"The ISI of the future must be regarded as more embracing than the single society of elected members that we have been in the past … On every hand there is a new dependence upon statistics and statisticians. … There is a crying need for world leadership in this field."
Stuart Rice, President (1947–1953)
The origins of the International Statistical Institute (ISI) can be traced back to a series of International Statistical Congresses, the first of which was convened by Adolphe Quetelet in 1853 in Brussels.
The ISI was formally founded in 1885, during a meeting held to celebrate the Jubilee of the London Statistical Society.
The initial 81 members were the elite of that era’s statisticians in government and academia.
They established our first statutes, and our first half-century was a period of general stability. Major changes, such as a proposed affiliation in 1920 with the League of Nations, were resisted.
Florence Nightingale & First Achievements
History of the International Statistical Institute
The International Statistical Institute, back then also know as L’Institut International de Statistique, was formally founded in June 1885, during a meeting held to celebrate the Jubilee of the London Statistical Society.
The first ISI members were the elite of that era’s statisticians in government and academia.The first President of the ISI was Rawson W. Rawson who served from 1885 to 1899, the year he died.
Other early Presidents also served long terms. Since 1975, however, the terms of Presidents have been limited to two years. Of the 36 ISI Presidents so far, 20 were from Europe, 8 from North America, 4 from Asia, 2 from South America, and 2 from Australia.
The first ISI Session (now called World Statistics Congress) was held in Rome in 1887.
These conferences were regular biennial events until the 1938 meeting in Prague, which was cancelled in its second day because of the threat of war.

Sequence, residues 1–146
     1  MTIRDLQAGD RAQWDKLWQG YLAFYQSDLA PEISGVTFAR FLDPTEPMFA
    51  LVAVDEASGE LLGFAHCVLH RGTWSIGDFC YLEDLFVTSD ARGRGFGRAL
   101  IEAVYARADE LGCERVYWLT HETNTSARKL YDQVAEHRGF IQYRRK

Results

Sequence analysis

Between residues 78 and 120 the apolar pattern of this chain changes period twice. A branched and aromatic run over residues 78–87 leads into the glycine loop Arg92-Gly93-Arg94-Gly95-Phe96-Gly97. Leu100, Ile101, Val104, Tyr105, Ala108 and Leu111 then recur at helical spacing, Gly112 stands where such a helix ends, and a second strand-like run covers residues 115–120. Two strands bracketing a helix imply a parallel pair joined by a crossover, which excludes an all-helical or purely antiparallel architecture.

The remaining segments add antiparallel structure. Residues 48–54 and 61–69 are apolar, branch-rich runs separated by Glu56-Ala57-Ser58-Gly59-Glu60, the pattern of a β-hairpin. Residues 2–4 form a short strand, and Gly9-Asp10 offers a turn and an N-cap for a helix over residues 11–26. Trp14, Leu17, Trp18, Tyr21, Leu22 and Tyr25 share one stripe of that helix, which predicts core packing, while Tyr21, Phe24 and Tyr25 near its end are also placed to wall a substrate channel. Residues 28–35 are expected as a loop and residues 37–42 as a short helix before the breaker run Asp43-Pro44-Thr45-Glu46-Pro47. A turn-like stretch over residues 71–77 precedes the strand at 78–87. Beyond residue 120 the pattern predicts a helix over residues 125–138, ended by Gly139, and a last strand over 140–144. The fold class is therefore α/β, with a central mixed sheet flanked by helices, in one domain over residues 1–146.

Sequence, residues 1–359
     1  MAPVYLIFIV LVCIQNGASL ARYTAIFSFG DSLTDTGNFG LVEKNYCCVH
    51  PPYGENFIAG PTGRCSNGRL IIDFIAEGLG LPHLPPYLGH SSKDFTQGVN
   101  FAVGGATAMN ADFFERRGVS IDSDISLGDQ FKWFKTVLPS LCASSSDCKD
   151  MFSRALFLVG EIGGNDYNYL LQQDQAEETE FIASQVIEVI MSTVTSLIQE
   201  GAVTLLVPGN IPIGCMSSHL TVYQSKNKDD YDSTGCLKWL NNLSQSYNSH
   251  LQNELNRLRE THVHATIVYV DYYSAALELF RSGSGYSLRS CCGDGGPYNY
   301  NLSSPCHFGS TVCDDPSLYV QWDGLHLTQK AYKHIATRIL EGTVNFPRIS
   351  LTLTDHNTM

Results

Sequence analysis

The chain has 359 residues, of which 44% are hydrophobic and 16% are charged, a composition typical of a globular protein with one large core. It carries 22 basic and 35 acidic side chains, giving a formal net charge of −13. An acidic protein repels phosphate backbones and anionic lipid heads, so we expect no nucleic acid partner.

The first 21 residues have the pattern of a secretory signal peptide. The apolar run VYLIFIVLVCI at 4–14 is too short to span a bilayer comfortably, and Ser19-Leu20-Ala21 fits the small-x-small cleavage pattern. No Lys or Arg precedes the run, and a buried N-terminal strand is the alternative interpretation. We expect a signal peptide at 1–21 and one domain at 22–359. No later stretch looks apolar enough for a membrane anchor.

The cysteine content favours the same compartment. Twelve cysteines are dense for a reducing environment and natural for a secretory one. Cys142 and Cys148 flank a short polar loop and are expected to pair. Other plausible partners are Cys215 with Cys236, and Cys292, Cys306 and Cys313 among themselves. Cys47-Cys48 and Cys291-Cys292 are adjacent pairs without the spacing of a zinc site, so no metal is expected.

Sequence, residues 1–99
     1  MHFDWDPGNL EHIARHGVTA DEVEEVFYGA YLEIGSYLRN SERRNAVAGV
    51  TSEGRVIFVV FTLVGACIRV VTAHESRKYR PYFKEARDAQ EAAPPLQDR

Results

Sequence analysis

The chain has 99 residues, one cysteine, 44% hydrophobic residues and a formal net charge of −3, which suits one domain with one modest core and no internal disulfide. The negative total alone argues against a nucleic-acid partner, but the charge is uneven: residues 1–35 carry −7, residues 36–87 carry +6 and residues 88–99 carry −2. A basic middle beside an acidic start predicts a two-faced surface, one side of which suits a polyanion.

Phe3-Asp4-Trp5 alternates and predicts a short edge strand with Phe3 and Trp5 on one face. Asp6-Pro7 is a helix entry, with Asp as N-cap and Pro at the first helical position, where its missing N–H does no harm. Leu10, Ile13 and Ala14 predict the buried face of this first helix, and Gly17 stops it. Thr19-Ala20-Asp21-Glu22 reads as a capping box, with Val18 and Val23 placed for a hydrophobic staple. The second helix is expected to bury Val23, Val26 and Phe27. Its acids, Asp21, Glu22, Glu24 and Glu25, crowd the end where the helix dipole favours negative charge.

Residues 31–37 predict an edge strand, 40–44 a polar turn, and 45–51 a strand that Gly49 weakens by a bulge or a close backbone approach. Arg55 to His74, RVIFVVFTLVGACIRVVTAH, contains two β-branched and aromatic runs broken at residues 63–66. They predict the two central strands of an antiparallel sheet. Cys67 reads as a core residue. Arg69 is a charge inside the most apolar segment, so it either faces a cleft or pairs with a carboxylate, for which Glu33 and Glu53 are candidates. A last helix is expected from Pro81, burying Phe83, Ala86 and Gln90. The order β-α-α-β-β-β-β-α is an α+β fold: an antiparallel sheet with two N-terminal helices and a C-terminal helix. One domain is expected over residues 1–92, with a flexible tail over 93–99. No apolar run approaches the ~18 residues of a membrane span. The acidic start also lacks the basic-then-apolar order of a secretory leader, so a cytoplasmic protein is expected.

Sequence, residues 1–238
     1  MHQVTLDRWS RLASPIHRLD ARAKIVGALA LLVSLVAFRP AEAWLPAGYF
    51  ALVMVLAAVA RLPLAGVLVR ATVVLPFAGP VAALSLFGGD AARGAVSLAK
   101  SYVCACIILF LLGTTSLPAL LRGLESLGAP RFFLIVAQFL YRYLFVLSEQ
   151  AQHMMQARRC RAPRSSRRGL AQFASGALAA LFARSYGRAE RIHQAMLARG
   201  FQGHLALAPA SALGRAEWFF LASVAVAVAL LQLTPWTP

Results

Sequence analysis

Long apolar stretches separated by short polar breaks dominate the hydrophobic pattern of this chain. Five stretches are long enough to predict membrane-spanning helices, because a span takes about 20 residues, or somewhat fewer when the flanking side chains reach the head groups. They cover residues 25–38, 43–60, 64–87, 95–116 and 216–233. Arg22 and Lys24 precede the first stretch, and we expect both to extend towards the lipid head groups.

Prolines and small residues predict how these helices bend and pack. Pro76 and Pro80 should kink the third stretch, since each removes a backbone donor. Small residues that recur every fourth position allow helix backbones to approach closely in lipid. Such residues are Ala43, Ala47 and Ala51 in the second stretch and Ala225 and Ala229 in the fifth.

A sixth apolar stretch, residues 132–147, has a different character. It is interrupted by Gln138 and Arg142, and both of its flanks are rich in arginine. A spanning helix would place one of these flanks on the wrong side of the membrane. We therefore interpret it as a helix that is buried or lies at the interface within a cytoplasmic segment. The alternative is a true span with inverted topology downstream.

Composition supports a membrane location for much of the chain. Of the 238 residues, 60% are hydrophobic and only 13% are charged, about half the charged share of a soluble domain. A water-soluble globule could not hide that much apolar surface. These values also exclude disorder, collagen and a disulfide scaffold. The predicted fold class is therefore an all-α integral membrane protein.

The ISI essentially went into hibernation until 1947 when the next Session was held in New York.
Stuart Rice (President, 1947–1953), who was the primary organizer, had an ambitious goal of adapting the ISI to a new era.
Before the Second World War, the ISI had sought to influence governmental statistical agencies by facilitating collaboration and by encouraging uniformity in statistical definitions and data collection. But this role was largely taken over by the newly created United Nations.
The mission of the ISI was modified in 1947 to emphasize international communication among statisticians rather than with governments, and supporting the international promotion and dissemination of research as well as practice of statistics.
This largely remains as our mission until today.
ISI has had consultative status with the Economic and Social Council of the United Nations since 1949, which allows us to participate in the annual UN Statistics Commission and other relevant UN activities.
At the occasion of the 44th UN Statistical Commission meeting in 2013, the ISI leadership team met with Mr. Ban Ki-moon, Secretary General of the United Nations, to discuss collaborations between the UN Statistical Commission and the ISI.
The other major change introduced in 1947 was the idea of Sections (now called ISI Associations) of the ISI.
While the first Section was formally adopted only in 1957, the fruits of this far-reaching innovation are clearly evident today with seven Associations that cover the wide spectrum of statistical sciences and applications.
This change spelled the emergence of a new type of professional society, one that facilitated international communication among groups of individuals with common interests, not all of them members. The ISI was to be the organizational key to international statistics; it did not pretend to comprise all of international statistics itself.
The ISI has been constantly evolving to meet the changes in the profession and the needs of the statistical community.
Our current system of governance was adopted in 1979, with an Elected Council and an Executive Committee made up of the President, President-Elect, and Vice-Presidents.
The Presidents of the Associations are part of the Council and have a representation in ISI governance.
The ISI Associations have their own governance structure, conferences, journals, and other activities. The ISI and its family of Associations work closely together to serve the needs of the international statistical community.
At the biennial session in 1985 in Amsterdam, a Declaration of Professional Ethics was adopted, and it was further revised in 2011 to respond to the latest challenges.
The statutes and by-laws were substantially revised at the World Statistics Congress in Dublin in 2011, and a new category of regular membership was established.
A major goal of this new membership, which is open to anyone interested in the mission of the ISI, is to attract younger members and more representation from developing countries.
There were also changes to the governing structure (from three to four Vice-Presidents), adoption of English as the official language, and the use of electronic voting.